The US Department of Energy has allocated $ 1 million to researchers at the Cornell Institute for Energy Systems that create programmed microbes to mine rare earth metals used in consumer electronics and advanced renewable energies.
According to the US Geological Survey, most of the world’s rare earths (17 in total on the periodic table) have been mined in China over the past quarter century. But the processes of extraction and separation of valuable elements from slag create toxic waste and cause serious damage to the environment.
This project by researchers from Cornell develops the concept of biological mining of rare earths in the United States.
“Biology offers an alternative to the environmentally damaging way we currently mine and purify rare earths.
Biological possibilities are very promising; we just didn’t take advantage of it. Our new technologies can help revitalize the US rare earths industry and provide a new source of these critical elements for future energy technologies, ”said Principal Investigator Baz Barstow, assistant professor of biological and environmental engineering at the College of Agriculture and Life Sciences (CALS).
Rare earth elements increase the production of wind and solar power, and manufacturers of consumer electronics such as smartphones rely on these elements for applications to work properly.
The rare earths industry in the United States thrived 30 years ago, but has subsequently suffered from a lack of new mining technologies and economic inefficiencies. With the advent of new biological methods for extracting these elements, Barstow said, this American industry could be revived.
“This could demonstrate the potential of engineered microbes to tackle sustainable energy challenges, including artificial photosynthesis, battery rejuvenation and recycling, biofuel production, and carbon capture and sequestration. This can help to rapidly expand the adoption of sustainable energy technologies, ”- describes the prospects for the new opening of Barstow Bases.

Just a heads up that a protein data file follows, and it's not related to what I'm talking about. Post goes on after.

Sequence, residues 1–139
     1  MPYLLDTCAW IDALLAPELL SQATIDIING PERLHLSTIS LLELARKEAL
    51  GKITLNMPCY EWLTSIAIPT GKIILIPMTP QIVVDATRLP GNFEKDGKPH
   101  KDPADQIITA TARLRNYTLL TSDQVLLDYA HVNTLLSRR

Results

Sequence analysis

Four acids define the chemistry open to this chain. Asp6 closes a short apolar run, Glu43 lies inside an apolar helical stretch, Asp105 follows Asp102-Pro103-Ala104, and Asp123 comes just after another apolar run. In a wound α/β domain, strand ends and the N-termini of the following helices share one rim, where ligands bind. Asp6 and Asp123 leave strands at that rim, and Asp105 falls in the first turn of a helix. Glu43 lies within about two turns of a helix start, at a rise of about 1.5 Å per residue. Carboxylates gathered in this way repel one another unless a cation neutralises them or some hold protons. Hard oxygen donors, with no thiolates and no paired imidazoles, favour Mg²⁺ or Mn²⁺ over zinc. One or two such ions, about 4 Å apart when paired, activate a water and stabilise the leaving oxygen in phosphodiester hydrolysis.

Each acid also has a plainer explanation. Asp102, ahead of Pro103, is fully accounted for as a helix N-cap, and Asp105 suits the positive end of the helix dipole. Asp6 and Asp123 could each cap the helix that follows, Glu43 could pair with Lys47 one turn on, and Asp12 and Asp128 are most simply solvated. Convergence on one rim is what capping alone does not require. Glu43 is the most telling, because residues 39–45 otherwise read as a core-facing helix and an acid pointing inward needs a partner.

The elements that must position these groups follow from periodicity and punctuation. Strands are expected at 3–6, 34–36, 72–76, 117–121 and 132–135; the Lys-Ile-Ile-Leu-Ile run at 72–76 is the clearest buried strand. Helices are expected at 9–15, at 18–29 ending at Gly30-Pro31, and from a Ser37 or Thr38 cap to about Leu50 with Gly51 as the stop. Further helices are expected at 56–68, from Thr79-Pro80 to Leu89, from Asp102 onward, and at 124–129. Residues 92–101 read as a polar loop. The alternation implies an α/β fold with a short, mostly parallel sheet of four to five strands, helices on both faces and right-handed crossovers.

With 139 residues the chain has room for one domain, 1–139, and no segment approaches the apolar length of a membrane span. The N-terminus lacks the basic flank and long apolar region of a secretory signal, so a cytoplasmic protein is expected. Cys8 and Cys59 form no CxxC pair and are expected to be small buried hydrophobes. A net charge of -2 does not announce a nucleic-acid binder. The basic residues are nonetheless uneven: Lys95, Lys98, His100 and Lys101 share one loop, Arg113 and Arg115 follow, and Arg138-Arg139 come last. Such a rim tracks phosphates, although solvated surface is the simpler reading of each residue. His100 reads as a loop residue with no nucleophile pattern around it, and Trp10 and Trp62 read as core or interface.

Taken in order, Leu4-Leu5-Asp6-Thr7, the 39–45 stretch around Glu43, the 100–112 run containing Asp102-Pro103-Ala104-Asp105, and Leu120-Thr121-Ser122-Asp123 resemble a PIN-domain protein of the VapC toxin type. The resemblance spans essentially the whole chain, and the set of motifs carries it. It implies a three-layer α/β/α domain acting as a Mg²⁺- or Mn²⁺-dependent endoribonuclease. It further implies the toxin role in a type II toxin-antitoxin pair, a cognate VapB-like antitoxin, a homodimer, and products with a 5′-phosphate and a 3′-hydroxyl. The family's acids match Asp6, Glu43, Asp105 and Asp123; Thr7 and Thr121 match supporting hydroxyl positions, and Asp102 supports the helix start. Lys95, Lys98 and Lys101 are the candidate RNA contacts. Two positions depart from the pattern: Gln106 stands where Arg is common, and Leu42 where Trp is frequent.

The research team will begin by developing a microbe (Gluconobacter oxydans) to dissolve monazite, a phosphate rock containing the rare earth elements erbium, thorium and lanthanum.
“We’ll take a microbe that can dissolve minerals in rocks, and we can get the microbe to extract these minerals faster and more efficiently. We can more selectively extract these rare earth minerals. ”- Baz Barstow
Scientists grow synthetic monazite crystals in a furnace with a specified concentration of rare earth elements. These crystals will be made available to a group of synthetic biologists for leaching experiments with various strains of gluconobacteria.
The goal is to test the effectiveness of these synthesized organisms in extracting rare earth elements from ore.
“This process takes place in nature, but very slowly. For example, metals are leached from minerals as a result of weathering processes, and some of them are biologically mediated, so seawater is salty. It’s continental sodium that made the oceans salty
This is a large part of the evolution of the planet and the natural cycles of the elements.
We are in an entirely new field that combines synthetic biology experimentation with our understanding of minerals to address the challenges of the 21st century, ”the researchers say.